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Perseid Meteor Shower Excites Skywatchers


You know, one of the downsides of being in a studio all night is you miss all the good meteor showers. There was a great one last night, an annual event called Perseid because the meteors seem to come from near the constellation Perseus. The next best thing to actually watching was catching up with Alan MacRobert. He's senior editor at Sky and Telescope magazine. We called him just before sunrise.

ALAN MACROBERT: I'm lying out on a lawn chair on my back under the stars, looking at a satellite creep across right now. And there have been quite a few meteors.

GREENE: And what exactly do the meteors look like and how many of them are there at a time?

MACROBERT: Well, I've been out here for an hour, and I think I've counted about 25 or 30. And this is through a not-very-high-quality suburban sky. We have light pollution out here. I'm about 20 miles outside of Boston. But there's still a pretty good view of the stars and a pretty good view of the meteors. Fast-zipping streaks of light, some of them very faint, some of them rather bright and leaving glowing float trails behind them for a few seconds.

GREENE: And we call this a meteor shower. But is that too strong a term? I mean, is it more of a trickle?

MACROBERT: Well, perhaps yes. If you think of a rain shower as a shower, then yes, it's not like that. Under a really dark sky, you might see a meteor a minute on average. But it's a lot more of them than usual. Usually, you will only see, oh, three or four or five random meteors per hour. But here, you can get a few dozen.

GREENE: And, Al MacRobert, help me understand, I mean, why does this happen around the same time every year? Is it just that this is the time we can actually see this and these meteors are always on the move, or what's going on?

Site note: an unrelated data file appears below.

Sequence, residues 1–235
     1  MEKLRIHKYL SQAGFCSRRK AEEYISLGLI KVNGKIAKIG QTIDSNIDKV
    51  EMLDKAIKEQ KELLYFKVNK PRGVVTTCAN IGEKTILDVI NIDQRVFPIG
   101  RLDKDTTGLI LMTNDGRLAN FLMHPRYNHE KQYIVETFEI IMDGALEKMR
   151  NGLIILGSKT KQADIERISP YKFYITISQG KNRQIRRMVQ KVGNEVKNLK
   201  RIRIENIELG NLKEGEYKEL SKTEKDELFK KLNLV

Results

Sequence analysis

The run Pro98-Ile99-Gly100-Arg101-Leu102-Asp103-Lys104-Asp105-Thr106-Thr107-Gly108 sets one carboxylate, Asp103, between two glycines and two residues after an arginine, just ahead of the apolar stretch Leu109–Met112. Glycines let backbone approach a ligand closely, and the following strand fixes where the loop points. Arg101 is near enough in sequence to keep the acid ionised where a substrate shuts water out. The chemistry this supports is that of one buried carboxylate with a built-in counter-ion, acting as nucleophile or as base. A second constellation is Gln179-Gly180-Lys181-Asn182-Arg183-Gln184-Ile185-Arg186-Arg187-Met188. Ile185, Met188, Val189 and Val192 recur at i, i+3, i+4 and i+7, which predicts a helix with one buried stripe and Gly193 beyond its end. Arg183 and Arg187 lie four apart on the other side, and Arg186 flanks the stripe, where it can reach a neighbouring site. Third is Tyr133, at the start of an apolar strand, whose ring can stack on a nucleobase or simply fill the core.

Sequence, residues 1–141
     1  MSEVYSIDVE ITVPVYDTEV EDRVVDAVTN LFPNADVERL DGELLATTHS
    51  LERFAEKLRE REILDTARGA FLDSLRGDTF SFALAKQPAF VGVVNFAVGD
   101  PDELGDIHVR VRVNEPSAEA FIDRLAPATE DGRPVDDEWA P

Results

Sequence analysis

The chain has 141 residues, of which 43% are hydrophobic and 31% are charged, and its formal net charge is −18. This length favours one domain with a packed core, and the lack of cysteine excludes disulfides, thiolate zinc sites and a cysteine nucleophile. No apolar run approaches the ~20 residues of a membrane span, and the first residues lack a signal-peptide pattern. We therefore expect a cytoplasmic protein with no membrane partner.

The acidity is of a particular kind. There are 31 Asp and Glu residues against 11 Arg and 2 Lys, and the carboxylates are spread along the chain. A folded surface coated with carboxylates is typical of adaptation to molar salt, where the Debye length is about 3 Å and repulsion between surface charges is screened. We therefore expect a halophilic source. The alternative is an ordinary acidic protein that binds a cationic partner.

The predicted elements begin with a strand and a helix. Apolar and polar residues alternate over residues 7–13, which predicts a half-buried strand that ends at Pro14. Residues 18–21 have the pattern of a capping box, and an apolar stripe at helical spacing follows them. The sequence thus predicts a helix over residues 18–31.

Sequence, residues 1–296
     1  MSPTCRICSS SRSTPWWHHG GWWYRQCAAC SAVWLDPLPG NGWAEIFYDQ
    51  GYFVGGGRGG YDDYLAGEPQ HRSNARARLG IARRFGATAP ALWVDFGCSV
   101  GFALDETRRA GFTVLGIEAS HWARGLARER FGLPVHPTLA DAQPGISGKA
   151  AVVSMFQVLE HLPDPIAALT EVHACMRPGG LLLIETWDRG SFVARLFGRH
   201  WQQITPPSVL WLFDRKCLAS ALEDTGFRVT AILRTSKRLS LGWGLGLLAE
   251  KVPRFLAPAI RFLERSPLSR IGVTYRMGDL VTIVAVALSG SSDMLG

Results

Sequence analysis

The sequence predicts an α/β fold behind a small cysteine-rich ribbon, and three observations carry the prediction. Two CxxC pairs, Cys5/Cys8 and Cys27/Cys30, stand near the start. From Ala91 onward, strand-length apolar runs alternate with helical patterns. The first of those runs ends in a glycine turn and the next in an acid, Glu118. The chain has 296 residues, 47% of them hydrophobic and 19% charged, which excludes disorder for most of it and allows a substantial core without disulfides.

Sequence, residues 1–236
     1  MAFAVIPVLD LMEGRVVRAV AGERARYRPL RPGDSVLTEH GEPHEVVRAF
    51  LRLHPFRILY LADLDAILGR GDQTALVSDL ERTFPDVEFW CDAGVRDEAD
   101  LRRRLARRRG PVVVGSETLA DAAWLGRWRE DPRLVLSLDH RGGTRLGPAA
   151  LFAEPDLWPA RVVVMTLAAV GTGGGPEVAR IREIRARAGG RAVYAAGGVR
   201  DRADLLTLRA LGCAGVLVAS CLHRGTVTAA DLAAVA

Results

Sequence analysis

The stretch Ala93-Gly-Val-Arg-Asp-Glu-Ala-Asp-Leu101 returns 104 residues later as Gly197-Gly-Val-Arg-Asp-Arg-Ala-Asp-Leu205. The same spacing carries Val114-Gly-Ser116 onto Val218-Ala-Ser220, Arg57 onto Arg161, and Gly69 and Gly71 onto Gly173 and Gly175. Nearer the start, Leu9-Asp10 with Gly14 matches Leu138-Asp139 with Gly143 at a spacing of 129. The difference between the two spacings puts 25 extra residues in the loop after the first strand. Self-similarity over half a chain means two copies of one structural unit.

MACROBERT: Well, it's the Earth that's always on the move. We're going around the sun in our orbit once a year. And when we go through the August 12 point in our orbit, we intersect a stream of meteoroids - little, tiny particles, sand-grained, pebble size in space - that is always streaming through that area. And we go through the stream, sort of like walking through a waterfall.

GREENE: I like that metaphor. And I know you've been doing this routine with your lawn chair and a lot of patience for some years now. What keeps you coming back to see this?

MACROBERT: Well - oh, the lure of amateur astronomy, the lures are many. So much of it is utterly mind-blowing in terms of sizes and distances and times and numbers. And, well, it whisks us out of our everyday life, gives us a wider perspective on where we stand in the universe.

GREENE: Well, lean back in that lawn chair. I hope you have a little more time before sunrise to see a few more of - more of the show. Thanks so much for talking to us.

MACROBERT: I will be doing that. Thank you.

GREENE: That's Alan MacRobert. He's a senior editor at Sky and Telescope magazine. Transcript provided by NPR, Copyright NPR.